Author(s): Selimovic D, Porzig BB, ElKhattouti A, Badura HE, Ahmad M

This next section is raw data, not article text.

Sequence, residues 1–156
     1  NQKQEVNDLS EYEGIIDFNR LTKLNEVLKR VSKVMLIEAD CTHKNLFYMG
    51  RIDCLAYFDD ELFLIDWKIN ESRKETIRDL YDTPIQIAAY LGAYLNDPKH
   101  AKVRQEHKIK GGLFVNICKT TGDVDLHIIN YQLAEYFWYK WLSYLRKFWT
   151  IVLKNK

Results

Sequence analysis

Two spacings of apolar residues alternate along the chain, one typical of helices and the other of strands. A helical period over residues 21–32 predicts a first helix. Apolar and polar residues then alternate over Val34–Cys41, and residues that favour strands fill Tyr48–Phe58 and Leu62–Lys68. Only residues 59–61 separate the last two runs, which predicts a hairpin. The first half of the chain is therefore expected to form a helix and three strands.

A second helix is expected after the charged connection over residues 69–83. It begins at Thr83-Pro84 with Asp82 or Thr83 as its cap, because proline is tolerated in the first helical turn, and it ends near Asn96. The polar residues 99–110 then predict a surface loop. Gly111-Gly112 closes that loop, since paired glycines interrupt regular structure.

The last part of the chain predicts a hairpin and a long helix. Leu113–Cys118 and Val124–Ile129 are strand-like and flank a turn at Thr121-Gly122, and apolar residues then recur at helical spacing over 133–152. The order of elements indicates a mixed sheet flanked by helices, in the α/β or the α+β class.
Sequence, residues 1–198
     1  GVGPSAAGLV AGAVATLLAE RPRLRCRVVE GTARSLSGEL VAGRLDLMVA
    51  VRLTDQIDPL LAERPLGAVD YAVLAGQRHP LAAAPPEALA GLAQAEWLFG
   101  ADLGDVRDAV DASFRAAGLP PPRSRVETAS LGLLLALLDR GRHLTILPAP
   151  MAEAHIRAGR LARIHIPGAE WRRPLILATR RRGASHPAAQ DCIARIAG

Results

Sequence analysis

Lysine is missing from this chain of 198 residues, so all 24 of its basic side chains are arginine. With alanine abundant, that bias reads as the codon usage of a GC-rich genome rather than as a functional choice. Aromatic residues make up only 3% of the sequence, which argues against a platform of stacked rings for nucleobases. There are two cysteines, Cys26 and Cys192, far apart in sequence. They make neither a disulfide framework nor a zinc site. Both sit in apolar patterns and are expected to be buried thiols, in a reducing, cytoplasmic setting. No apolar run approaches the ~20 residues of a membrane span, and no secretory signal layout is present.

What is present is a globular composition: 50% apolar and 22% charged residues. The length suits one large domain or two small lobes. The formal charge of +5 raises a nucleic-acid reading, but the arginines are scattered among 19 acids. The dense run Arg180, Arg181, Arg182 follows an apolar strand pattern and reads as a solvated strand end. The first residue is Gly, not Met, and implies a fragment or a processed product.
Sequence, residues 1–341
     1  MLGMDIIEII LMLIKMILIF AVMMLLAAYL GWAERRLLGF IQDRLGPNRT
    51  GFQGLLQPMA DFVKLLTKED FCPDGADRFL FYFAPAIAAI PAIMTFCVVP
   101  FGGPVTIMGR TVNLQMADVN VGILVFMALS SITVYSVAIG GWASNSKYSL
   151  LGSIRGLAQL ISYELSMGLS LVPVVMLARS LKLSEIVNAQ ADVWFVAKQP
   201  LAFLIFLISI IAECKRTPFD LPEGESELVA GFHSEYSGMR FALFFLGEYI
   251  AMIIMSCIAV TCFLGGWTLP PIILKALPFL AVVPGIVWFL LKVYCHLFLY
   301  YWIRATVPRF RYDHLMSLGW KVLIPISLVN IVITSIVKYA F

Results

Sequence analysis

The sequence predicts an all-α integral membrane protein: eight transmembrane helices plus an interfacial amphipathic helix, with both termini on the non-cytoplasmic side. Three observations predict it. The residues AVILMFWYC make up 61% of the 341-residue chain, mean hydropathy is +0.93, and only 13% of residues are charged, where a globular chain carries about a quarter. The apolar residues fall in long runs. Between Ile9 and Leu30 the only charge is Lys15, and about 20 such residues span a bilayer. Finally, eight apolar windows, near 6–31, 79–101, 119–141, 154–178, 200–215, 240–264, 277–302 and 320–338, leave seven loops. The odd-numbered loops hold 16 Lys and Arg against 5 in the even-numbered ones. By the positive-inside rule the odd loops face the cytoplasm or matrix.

Generally, both endoplasmic reticulum (ER) stress and mitochondrial dysregulation are a potential therapeutic target of anticancer agents including bortezomib. The treatment of melanoma cells with bortezomib was found to induce apoptosis together with the upregulation of Noxa, Mcl-1, and HSP70 proteins, and the cleavage of LC3 and autophagic formation. Also, bortezomib induced ER-stress as evidenced by the increase of intracellular Ca(2+) release. In addition, bortezomib enhanced the phosphorylation of inositol-requiring transmembrane kinase and endonuclease 1α (IRE1α), apoptosis signal-regulating kinase 1 (ASK1), c-jun-N-terminal kinase (JNK) and p38, and the activation of the transcription factors AP-1, ATF-2, Ets-1, and HSF1. Bortezomib-induced mitochondrial dysregulation was associated with the accumulation of reactive oxygen species (ROS), the release of both apoptosis inducing factor (AIF) and cytochrome c, the activation of caspase-9 and caspase-3, and cleavage of Poly (ADP-ribose) polymerase (PARP). The pretreatment of melanoma cells with the inhibitor of caspase-3 (Ac-DEVD-CHO) was found to block bortezomib-induced apoptosis that subsequently led to the increase of autophagic formation. In contrast, the inhibition of ASK1 abrogated bortezomib-induced autophagic formation and increased apoptosis induction. Furthermore, the inhibition of JNK, of HSP70 also increased apoptosis induction without influence of bortezomib-induced autophagic formation. Based on the inhibitory experiments, the treatment with bortezomib triggers the activation of both ER-stress-associated pathways, namely IRE1α-ASK1-p38-ATF-2/ets-1-Mcl-1, and IRE1α-ASK1-JNK-AP-1/HSF1-HSP70 as well as mitochondrial dysregulation-associated pathways, namely ROS-ASK1-JNK-AP-1/HSF1-HS70, and AIF-caspase-3-PARP and Cyt.c, and caspase-9-caspase-3-PARP. Taken together, our data demonstrates for the first time the molecular mechanisms, whereby bortezomib triggers both apoptosis and autophagic formation in melanoma cells.